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Smoking Poems

Titlepage Dedication.
"Let those smoke now who never smoked before, And those ...

Pipe And Tobacco.
When my pipe burns bright and clear, The gods I need n...

My Friendly Pipe.
Let sybarites still dream delights While smoking cig...

To A Pipe Of Tobacco.
Come, lovely tube, by friendship blest, Belov'd and ...

The Farmer's Pipe.
Make a picture, dreamy smoke, In my still and cosey ...

The Smoke Traveller.
When I puff my cigarette, Straight I see a Spanish g...

Latakia.
I. When all the panes are hung with frost, Wild wiz...

To My Cigar.
Yes, social friend, I love thee well, In learned doc...

What I Like.
To lie with half-closed eyes, as in a dream, Upon the ...

Old Pipe Of Mine.
Companion of my lonely hours, Full many a time 'twix...

To The Rev. Mr. Newton.
Says the Pipe to the Snuff-box, "I can't understand ...

My Pipe And I.
There may be comrades in this world, As stanch and t...

An Old Sweetheart Of Mine.
As one who cons at evening o'er an album all alone, An...

Meerschaum.
Come to me, O my meerschaum, For the vile street organ...

A Bachelor's Soliloquy.
I sit all alone with my pipe by the fire, I ne'er kn...

Knickerbocker.
Shade of Herrick, Muse of Locker, Help me sing of Knic...

My Meerschaum Pipe.
Old meerschaum pipe, I'll fondly wipe Thy scarred an...

To An Old Pipe.
Once your smoothly polished face Nestled lightly in a ...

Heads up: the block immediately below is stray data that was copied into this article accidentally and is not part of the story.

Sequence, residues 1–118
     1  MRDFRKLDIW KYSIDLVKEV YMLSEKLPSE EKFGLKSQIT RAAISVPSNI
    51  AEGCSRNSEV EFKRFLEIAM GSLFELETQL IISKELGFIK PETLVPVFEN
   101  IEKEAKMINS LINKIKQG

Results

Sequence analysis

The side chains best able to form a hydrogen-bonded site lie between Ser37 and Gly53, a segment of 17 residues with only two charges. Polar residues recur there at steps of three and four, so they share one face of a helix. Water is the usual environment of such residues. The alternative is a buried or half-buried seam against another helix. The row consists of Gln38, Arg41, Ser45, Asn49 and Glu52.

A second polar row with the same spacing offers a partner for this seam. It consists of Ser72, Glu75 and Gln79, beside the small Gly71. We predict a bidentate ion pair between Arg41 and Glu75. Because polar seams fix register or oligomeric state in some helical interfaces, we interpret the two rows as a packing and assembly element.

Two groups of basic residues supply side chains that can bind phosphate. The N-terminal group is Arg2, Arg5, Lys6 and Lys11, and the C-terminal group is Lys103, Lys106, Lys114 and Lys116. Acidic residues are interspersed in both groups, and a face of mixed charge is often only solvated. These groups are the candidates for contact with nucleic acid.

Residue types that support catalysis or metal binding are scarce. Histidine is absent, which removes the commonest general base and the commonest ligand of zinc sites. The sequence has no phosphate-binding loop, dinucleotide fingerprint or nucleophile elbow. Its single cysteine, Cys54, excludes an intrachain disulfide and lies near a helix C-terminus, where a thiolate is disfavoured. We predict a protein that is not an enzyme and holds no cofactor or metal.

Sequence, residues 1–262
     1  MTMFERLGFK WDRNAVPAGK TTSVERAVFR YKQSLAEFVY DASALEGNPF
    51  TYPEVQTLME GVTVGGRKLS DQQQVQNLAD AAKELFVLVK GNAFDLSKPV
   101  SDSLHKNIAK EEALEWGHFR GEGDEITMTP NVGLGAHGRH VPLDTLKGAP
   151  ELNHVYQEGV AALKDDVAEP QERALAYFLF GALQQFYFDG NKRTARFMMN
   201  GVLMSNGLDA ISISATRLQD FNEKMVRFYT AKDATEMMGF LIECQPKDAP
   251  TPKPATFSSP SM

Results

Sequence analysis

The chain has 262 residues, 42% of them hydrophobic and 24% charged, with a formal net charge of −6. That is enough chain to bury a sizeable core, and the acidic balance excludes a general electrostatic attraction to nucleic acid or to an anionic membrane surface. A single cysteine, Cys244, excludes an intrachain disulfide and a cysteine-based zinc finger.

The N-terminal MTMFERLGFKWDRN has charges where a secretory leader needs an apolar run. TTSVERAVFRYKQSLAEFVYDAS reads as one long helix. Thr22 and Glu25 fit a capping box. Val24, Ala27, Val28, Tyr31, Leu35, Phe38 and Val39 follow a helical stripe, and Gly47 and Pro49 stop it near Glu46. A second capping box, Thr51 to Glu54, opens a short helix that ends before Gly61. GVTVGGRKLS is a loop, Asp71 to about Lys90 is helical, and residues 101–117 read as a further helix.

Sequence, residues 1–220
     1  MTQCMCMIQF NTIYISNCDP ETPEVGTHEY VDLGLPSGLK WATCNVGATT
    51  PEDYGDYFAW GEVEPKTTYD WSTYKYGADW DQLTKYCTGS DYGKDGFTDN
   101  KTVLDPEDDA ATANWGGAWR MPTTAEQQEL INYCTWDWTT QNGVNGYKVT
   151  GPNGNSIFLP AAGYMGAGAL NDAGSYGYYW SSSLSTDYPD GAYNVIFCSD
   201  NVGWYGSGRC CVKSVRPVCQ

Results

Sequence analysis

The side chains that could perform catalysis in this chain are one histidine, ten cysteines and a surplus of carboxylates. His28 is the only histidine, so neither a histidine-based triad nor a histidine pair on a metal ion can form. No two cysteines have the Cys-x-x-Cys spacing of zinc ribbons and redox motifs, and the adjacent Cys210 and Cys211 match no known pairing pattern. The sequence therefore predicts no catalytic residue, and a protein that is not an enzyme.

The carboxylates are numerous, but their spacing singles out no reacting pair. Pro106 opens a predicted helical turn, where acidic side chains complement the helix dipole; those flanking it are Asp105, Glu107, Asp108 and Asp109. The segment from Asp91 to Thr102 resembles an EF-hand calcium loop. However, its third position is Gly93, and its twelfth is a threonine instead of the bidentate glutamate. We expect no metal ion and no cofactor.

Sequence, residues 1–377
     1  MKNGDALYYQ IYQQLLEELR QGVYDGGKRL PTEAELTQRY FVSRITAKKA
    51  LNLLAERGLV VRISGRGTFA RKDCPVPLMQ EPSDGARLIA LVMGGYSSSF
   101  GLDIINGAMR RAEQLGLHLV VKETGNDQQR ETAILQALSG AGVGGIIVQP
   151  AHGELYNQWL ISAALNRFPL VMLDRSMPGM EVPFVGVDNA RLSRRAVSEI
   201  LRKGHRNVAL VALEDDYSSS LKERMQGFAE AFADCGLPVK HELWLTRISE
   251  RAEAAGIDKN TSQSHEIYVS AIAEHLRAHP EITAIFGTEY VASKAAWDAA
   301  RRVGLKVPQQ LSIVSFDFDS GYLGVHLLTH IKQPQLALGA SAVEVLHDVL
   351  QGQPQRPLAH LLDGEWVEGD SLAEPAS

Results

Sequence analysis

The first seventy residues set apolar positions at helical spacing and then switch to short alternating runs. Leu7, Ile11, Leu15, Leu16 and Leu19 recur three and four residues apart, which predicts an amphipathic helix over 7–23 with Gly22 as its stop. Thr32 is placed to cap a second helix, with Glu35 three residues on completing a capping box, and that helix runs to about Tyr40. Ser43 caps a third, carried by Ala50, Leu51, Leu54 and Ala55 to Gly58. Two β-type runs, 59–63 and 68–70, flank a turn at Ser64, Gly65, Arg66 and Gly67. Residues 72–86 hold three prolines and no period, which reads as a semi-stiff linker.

My After-dinner Cloud.
Some sombre evening, when I sit And feed in solitude...

The Duet.
I was smoking a cigarette; Maud, my wife, and the te...



LATAKIA.








I.

When all the panes are hung with frost,
Wild wizard-work of silver lace,
I draw my sofa on the rug,
Before the ancient chimney-place.
Upon the painted tiles are mosques
And minarets, and here and there
A blind muezzin lifts his hands,
And calls the faithful unto prayer.
Folded in idle, twilight dreams,
I hear the hemlock chirp and sing,
As if within its ruddy core
It held the happy heart of Spring.
Ferdousi never sang like that,
Nor Saadi grave, nor Hafiz gay;
I lounge, and blow white rings of smoke,
And watch them rise and float away.


II.

The curling wreaths like turbans seem
Of silent slaves that come and go,--
Or Viziers, packed with craft and crime,
Whom I behead from time to time,
With pipe-stem, at a single blow.
And now and then a lingering cloud
Takes gracious form at my desire,
And at my side my lady stands,
Unwinds her veil with snowy hands,--
A shadowy shape, a breath of fire!

O Love, if you were only here
Beside me in this mellow light,
Though all the bitter winds should blow,
And all the ways be choked with snow,
'Twould be a true Arabian night!

T.B. ALDRICH.





Next: MY AFTER-DINNER CLOUD.

Previous: 'TWAS OFF THE BLUE CANARIES.



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